Sunday, August 2, 2015

Jon Stewart Crusading for Sept. 11 First Responders.

Jon Stewart’s next act: Lobbyist? 
The host has promised to fight for a 9/11 bill in September.

Jon Stewart is less than a week away from retiring from The Daily Show, but he’s already thinking about his next act: crusading this fall in Washington for the Sept. 11 first responders.

The Comedy Central star has promised to make a Capitol Hill trip as early as September to support a bill extending an expiring law that provides billions of dollars in medical health benefits for the police, firefighters and other emergency rescue workers who spent time at Ground Zero, as well as survivors of the 2001 terrorist attacks.

Stewart committed to lobby the very lawmakers he’s made a career out of skewering during a backstage greenroom chat early in July with John Feal, an Army veteran and post-9/11 cleanup worker who is spearheading the advocacy push for the legislation. Feal told POLITICO that he expected Stewart to firm up the date for the visit after his final Daily Show appearance on Thursday.

“Everything he’s ever said, he’s kept his word,” Feal said.

The first-responders portion of the law, passed in 2010, is scheduled to expire this October but has enough money to run into next year. A separate fund for 9/11 survivors and first responders ends in October 2016. Supporters want to renew the whole law in perpetuity, like the health programs for coal miners who suffer from black lung disease, and the government workers and contractors who built the country's nuclear weapon arsenal. In early July on his program, Stewart called it “bullshit” that the 9/11 first responders even have to lobby to extend it, and demanded to know who on the Hill was blocking the effort.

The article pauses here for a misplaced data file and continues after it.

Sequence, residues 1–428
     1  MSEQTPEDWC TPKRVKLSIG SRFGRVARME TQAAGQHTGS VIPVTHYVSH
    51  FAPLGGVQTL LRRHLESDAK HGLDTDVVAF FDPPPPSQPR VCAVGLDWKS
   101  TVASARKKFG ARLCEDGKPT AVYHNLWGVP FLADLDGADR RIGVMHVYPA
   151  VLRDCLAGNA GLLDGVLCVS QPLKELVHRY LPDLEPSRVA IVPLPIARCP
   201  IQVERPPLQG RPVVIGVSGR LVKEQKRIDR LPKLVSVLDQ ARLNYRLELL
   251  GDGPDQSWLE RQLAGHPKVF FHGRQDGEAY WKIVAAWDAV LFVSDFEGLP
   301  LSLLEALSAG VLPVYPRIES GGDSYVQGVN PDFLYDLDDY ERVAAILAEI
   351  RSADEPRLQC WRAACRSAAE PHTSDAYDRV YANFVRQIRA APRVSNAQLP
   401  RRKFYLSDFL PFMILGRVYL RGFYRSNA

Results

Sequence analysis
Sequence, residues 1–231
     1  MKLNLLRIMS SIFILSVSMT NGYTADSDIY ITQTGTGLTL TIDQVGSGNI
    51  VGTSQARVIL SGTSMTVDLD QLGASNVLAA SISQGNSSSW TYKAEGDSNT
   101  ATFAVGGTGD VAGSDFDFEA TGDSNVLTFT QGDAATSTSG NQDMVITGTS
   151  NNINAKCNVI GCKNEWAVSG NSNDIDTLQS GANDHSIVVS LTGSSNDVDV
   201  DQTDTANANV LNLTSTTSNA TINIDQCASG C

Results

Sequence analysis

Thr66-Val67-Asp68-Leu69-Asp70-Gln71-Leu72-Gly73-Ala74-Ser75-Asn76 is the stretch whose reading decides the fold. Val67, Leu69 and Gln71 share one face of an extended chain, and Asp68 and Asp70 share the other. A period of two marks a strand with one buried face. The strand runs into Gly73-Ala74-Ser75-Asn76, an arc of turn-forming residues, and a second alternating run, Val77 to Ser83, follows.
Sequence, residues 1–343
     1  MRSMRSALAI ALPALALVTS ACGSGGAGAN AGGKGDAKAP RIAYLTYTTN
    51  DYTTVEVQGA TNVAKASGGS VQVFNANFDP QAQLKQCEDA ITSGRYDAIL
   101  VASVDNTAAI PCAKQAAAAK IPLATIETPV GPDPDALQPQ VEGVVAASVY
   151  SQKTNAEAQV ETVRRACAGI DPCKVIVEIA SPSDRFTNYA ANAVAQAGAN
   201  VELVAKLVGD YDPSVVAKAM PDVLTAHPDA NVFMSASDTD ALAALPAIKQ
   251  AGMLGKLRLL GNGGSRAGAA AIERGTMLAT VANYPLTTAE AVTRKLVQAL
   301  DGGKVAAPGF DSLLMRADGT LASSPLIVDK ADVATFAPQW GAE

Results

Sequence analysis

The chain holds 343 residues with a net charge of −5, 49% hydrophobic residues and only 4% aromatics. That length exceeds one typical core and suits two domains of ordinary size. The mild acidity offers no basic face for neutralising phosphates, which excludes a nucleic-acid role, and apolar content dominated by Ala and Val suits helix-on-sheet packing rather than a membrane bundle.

In his 16-year TV career, Stewart has put his shoulder behind a number of policy and political issues. He has put the spotlight on bureaucratic blunders preventing military veterans from getting health care, and is widely credited with CNN’s decision more than a decade ago to cancel an earlier version of the ‘Crossfire' talk show. Sensing his power with young voters, senior White House aides also cultivated relationships with Stewart and his staff, and the host even met twice privately in the Oval Office with President Barack Obama.
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